Experience is top of mind for companies across many verticals, and for good reason—user experience is expected to replace price and product as the key brand differentiator by next year. Delivering remarkable experiences requires thoughtful experience design (XD)—driven by a human-centric approach to solving problems.
When we talk about human-centric approach, we think about design thinking, that becomes more and more widely used. We talk about how we should create solutions with users in mind, talk about their thoughts and feelings, make empathy maps and put a lot of stickers on the wall – but we often exclude one the most important things, the actual user. Empathy should be built on real user experiences, pains and frustrations, not on our assumptions about them. DT is a great approach to find better, more effective and creative solutions to problems — but only when it’s done right. Problem-solving without having internal and external facts and perspectives will inevitably result in failure, regardless of how many stickers you will use on the way. Ensuring truly optimal experiences requires DT to be coupled with critical thinking and real research data. This means moving beyond the developer’s and designer’s perspective and experience to include first- and third-party data that provides an accurate picture of the customer mind.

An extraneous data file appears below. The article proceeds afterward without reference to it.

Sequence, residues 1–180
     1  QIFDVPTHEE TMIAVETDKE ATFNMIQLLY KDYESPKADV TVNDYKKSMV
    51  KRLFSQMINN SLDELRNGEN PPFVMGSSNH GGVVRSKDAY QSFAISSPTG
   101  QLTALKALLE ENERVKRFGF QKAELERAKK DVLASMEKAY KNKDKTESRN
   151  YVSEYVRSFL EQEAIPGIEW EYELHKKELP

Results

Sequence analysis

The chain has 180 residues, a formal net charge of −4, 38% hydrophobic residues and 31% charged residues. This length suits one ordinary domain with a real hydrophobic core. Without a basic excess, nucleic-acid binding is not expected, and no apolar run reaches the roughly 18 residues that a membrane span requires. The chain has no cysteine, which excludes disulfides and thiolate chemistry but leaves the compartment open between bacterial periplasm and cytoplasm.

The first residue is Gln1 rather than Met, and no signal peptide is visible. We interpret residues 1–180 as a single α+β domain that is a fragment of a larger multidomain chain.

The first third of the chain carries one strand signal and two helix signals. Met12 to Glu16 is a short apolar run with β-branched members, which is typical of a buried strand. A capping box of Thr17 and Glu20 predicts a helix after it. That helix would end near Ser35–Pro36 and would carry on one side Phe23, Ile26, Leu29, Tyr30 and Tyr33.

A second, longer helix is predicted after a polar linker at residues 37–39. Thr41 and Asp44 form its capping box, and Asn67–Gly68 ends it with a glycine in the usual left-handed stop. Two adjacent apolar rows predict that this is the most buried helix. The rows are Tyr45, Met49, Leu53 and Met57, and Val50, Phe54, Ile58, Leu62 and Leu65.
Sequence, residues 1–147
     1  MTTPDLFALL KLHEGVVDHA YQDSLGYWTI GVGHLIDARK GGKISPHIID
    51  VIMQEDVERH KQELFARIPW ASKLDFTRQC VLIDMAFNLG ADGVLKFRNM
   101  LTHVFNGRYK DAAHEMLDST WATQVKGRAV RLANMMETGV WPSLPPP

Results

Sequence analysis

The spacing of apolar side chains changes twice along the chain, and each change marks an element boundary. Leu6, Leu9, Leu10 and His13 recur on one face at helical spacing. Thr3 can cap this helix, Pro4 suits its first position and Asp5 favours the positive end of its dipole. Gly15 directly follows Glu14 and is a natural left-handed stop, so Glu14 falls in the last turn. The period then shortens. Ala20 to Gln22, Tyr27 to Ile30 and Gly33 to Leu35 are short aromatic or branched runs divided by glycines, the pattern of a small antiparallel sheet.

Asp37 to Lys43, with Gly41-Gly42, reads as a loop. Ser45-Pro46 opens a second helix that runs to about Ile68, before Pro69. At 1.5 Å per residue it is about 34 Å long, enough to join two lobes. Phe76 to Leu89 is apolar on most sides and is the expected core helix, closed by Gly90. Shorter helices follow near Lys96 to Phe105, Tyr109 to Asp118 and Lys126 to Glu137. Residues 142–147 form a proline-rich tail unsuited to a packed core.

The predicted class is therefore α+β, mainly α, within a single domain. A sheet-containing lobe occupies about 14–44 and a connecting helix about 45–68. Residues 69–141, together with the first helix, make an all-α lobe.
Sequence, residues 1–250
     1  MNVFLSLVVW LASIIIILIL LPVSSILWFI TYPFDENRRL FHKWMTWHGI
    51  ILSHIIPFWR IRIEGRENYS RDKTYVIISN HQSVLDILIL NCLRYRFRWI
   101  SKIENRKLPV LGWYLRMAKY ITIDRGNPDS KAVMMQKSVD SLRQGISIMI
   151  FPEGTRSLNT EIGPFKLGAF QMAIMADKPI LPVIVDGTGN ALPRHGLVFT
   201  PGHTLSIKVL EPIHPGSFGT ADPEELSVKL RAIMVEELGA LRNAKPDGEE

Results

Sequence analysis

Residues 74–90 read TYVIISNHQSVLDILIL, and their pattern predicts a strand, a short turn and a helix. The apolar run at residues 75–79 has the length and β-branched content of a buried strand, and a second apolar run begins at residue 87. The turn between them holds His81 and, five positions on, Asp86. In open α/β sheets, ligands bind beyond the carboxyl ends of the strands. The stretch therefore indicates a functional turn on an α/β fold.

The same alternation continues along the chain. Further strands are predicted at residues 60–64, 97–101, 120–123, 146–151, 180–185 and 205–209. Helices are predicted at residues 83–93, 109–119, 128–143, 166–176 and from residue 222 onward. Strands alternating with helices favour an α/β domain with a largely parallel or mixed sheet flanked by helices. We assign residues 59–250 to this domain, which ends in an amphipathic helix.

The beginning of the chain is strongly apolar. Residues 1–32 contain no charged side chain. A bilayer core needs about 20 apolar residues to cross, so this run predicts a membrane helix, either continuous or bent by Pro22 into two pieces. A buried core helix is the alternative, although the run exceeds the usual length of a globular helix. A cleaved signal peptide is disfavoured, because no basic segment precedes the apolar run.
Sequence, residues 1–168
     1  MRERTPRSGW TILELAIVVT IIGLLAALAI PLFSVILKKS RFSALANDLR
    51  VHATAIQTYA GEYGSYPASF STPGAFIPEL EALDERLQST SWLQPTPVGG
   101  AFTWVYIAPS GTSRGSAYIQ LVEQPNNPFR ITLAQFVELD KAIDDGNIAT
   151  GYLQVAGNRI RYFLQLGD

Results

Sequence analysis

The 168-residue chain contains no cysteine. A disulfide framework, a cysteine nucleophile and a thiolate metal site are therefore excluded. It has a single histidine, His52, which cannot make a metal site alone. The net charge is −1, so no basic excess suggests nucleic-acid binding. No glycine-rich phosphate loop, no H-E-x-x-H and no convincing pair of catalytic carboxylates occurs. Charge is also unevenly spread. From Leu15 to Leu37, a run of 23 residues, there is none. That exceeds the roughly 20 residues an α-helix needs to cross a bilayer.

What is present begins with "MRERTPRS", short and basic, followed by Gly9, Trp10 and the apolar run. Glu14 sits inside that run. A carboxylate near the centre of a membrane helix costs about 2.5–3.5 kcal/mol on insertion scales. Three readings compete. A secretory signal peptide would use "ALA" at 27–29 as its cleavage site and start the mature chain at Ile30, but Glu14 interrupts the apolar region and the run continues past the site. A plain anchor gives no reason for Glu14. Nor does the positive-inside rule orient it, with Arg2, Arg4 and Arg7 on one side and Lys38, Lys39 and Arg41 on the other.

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Too often, DT is driven by the imaginations and biases of those empowered to solve a problem. This approach is counter to critical thought, which includes rational, skeptical, and unbiased evaluation of factual evidence.
Without unbiased, critical thought, DT is ineffectual—it becomes a design process where all ideas are good ones, and best intentions overshadow best practices. DT without real research data and critical thinking is exemplified in a 2010 international case study where a South African company sought to solve pervasive clean water issues for tribal villagers.
Plight of the PlayPump
The would-be benefactors of potable water originated the concept of providing fresh water to women and children in Africa by way of a “merry-go-round” playground pump system. The PlayPump was designed to solve two problems: provide a vital water supply and offer a recreational experience for children. Initially, the idea was widely applauded and supported financially.